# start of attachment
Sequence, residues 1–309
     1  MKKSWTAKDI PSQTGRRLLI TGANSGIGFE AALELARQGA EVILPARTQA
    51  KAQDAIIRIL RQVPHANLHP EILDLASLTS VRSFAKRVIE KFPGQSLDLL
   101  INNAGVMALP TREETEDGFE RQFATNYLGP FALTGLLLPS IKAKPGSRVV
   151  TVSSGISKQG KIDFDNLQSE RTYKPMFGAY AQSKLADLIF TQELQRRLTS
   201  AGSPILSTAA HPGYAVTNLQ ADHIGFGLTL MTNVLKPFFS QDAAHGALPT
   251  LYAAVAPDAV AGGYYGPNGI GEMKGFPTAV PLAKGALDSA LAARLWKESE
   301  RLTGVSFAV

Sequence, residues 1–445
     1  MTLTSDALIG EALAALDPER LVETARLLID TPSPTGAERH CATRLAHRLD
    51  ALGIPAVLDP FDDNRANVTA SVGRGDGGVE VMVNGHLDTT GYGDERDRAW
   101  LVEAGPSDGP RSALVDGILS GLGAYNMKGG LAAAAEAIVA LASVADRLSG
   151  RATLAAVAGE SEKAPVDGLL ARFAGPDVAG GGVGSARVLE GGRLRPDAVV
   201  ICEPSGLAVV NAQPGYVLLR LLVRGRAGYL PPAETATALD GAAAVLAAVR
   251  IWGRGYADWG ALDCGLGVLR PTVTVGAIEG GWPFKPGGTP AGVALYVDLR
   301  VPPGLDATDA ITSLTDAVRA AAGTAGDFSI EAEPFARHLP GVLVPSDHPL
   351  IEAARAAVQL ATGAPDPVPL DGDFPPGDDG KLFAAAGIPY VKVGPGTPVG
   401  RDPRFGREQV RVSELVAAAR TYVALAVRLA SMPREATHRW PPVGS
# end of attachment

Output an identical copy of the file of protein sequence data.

Sequence, residues 1–309
     1  MKKSWTAKDI PSQTGRRLLI TGANSGIGFE AALELARQGA EVILPARTQA
    51  KAQDAIIRIL RQVPHANLHP EILDLASLTS VRSFAKRVIE KFPGQSLDLL
   101  INNAGVMALP TREETEDGFE RQFATNYLGP FALTGLLLPS IKAKPGSRVV
   151  TVSSGISKQG KIDFDNLQSE RTYKPMFGAY AQSKLADLIF TQELQRRLTS
   201  AGSPILSTAA HPGYAVTNLQ ADHIGFGLTL MTNVLKPFFS QDAAHGALPT
   251  LYAAVAPDAV AGGYYGPNGI GEMKGFPTAV PLAKGALDSA LAARLWKESE
   301  RLTGVSFAV

Sequence, residues 1–445
     1  MTLTSDALIG EALAALDPER LVETARLLID TPSPTGAERH CATRLAHRLD
    51  ALGIPAVLDP FDDNRANVTA SVGRGDGGVE VMVNGHLDTT GYGDERDRAW
   101  LVEAGPSDGP RSALVDGILS GLGAYNMKGG LAAAAEAIVA LASVADRLSG
   151  RATLAAVAGE SEKAPVDGLL ARFAGPDVAG GGVGSARVLE GGRLRPDAVV
   201  ICEPSGLAVV NAQPGYVLLR LLVRGRAGYL PPAETATALD GAAAVLAAVR
   251  IWGRGYADWG ALDCGLGVLR PTVTVGAIEG GWPFKPGGTP AGVALYVDLR
   301  VPPGLDATDA ITSLTDAVRA AAGTAGDFSI EAEPFARHLP GVLVPSDHPL
   351  IEAARAAVQL ATGAPDPVPL DGDFPPGDDG KLFAAAGIPY VKVGPGTPVG
   401  RDPRFGREQV RVSELVAAAR TYVALAVRLA SMPREATHRW PPVGS